The Cervical Spine
The cervical spine is located at the very top of the spinal column. The seven vertebral levels within this region, which are classified as C1-C7 from the top down, form the human neck. There is an additional cervical-level injury known as a C8 injury which relates to damage to the spinal cord root that exits the spinal column between vertebrae C7 and T1.
The spinal cord running through the cervical region of the spine is identified by the level of the vertebra in which it’s contained. Cervical spinal cord injuries are the most severe of all spinal cord injuries and may affect one or both sides of the body.
The higher up in the spine that the injury occurs, the more severe the potential outcome. Some cervical spinal cord injuries are severe enough to result in death. Injuries to C1 and C2 are very rare and most injuries to the cervical spinal column occur near the C4 / C5 levels. While no two spinal cord injuries are the same, early treatment is critical to the long-term prognosisof any injury to the cervical spinal column.
Cervical Spinal Cord Injury Levels
High-Cervical Nerves (C1-C4)
The C1 and C2 vertebrae form the top of the spine (neck) at the base of the skull. These bones are named atlas and axis respectively and support the pivot motion of the neck. Injuries to the spinal cord at the C1 & C2 levels are rare, extremely severe, and most often fatal. Atlas and axis are followed by C3 and C4 to form the high cervical vertebrae. If not fatal, complete damage to the spinal cord or nerves corresponding to any of the high-cervical vertebral levels most often results in full paralysis, or quadriplegia. A survivor may not be able to breathe on their own and will likely require 24-hour care for the rest of their life.
Low-Cervical Nerves (C5-C8)
An individual with an injury to the cervical spinal cord at the C5 level or below has a greater chance of retaining some motor and sensory function than a patient who experiences an injury to the C1-C4 levels. Though damage to the spinal cord at any portion of the neck has the potential to result in full paralysis of each of the four limbs, survivors of C5-C8 injuries may be able to breathe on their own and speak normally.
Learn more about spinal cord injuries by downloading our free eBook, The Simplified Guide to Spinal Cord Injuries.
Common Cervical Injury Symptoms
Patients with cervical spinal cord injuries will likely experience to some degree:
- Inability to breathe on one's own without assistance (C1-C4)
- Impaired ability or inability to speak (C1-C4)
- Numbness, tingling, or loss of feeling below the level of the injury
- Paralysis in the legs, torso, and arms
- Inability to control bladder and bowel function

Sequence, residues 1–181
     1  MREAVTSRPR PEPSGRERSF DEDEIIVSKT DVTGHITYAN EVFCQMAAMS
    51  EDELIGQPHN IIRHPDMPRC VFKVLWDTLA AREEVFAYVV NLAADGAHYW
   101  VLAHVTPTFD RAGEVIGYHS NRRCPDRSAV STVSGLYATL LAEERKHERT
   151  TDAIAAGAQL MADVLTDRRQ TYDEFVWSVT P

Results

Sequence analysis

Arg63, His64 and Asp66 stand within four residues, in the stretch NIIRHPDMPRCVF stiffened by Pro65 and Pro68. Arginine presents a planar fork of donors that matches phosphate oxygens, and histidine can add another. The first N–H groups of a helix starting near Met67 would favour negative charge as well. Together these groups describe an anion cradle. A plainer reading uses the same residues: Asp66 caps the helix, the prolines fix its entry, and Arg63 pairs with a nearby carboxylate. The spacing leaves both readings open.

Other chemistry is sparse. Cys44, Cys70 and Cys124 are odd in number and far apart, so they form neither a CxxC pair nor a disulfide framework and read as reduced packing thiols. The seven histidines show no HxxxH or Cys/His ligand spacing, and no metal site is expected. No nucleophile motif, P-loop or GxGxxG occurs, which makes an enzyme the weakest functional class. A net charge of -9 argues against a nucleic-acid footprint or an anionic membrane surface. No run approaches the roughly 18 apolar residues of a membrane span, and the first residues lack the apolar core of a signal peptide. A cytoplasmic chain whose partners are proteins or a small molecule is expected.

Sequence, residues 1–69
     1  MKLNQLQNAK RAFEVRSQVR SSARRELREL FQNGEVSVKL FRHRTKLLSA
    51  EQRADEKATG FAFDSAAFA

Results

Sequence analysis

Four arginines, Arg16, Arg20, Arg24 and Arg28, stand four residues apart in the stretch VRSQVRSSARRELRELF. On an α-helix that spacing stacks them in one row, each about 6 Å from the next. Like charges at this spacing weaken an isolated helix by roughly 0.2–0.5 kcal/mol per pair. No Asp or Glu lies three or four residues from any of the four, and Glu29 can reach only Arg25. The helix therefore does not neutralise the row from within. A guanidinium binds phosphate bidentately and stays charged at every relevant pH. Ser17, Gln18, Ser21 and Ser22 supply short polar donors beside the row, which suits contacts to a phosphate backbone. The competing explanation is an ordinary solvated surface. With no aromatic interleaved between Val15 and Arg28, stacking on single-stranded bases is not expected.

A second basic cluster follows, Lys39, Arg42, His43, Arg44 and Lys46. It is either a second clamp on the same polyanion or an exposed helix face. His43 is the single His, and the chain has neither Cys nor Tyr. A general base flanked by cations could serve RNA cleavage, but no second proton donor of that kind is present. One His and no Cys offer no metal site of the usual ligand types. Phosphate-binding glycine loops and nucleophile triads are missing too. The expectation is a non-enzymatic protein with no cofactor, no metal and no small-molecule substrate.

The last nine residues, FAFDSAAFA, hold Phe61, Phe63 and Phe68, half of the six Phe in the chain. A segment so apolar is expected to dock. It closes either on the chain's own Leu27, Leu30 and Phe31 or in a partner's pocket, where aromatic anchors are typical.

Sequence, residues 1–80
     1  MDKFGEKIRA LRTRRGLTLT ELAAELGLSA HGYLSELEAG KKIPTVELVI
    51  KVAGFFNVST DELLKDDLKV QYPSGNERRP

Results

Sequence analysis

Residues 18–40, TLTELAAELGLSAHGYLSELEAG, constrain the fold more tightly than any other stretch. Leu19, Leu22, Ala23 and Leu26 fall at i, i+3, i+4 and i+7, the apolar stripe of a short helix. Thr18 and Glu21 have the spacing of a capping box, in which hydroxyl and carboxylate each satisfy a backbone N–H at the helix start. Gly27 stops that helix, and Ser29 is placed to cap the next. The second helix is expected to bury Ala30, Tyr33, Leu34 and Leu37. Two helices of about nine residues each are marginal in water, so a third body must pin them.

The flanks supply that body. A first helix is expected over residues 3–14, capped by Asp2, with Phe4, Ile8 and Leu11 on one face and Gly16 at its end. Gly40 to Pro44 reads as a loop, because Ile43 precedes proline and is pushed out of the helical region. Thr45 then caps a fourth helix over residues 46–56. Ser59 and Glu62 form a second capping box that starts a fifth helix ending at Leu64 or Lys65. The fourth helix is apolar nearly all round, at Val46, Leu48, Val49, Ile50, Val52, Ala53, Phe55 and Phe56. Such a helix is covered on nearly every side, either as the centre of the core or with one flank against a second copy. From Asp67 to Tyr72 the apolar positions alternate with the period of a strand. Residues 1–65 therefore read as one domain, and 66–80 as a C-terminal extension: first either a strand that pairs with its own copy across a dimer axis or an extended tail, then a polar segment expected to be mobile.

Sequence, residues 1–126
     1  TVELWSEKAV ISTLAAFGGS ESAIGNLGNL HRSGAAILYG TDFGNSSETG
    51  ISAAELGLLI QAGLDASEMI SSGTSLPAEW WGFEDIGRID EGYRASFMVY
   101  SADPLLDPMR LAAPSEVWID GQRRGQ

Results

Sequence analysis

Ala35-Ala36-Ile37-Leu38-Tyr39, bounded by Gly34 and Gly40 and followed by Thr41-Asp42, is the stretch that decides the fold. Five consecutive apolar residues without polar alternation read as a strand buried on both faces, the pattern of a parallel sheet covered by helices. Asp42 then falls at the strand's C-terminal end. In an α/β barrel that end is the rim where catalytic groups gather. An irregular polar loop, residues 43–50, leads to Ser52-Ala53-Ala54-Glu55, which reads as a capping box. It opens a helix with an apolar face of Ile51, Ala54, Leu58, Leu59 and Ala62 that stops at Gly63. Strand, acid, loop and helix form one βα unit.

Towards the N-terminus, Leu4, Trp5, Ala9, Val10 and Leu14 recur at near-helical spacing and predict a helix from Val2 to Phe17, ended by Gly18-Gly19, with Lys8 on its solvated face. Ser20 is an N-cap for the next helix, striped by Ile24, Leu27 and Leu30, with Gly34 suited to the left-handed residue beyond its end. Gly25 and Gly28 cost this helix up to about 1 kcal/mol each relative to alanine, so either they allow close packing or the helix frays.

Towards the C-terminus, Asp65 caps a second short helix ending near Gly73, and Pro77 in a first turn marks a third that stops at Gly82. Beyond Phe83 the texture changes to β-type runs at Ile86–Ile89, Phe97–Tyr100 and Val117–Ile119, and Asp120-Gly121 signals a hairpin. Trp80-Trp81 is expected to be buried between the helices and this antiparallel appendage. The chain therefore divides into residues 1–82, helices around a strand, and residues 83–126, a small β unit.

- Inability to groom or dress oneself
Treatment & Recovery
The unfortunate truth of spinal cord injuries is that there is no way to reverse damage to the spinal cord at any level. With cervical spinal cord injuries being the most severe of all spinal cord injuries, patients will have a long road to rehabilitation ahead of them.
Early treatment may include:
- Stabilizing and securing the neck to prevent further damage.
- Regulation of breathing and respiratory function.
- Prevention of complications including blood clots and stool or urine retention.
Long-term treatment and rehabilitation may include:
- Surgery to reduce pressure on the spinal cord.
- Steroid injections and pain regimens to reduce any discomfort and inflammation from the injury.
- Physical therapy to aid in regaining function of the affected parts of the body and to maintain the function in areas which were not affected by the injury.
- Stem cell injections are a new tool to aid in the recovery of the spinal cord. The use of stem cells has not been widely adopted, however, promising clinical data has been reported.
A patient with a cervical spinal cord injury will need a lot of assistance in dealing with the injury and what it means for their future. Mental health is of the utmost importance to a patient with a cervical spinal cord injury as mental health directly relates to physical health. These patients will have a range of emotional changes along with the physical changes; so keeping up with mental health is a must. Seeking out a therapist who deals with paralyzed patients may be a huge part of recovery.
Resources for further reading:
The Simplified Guide to Spinal Cord Injuries
Shepherd Center's Spinal Cord Injury 101
The Christopher & Dana Reeve Foundation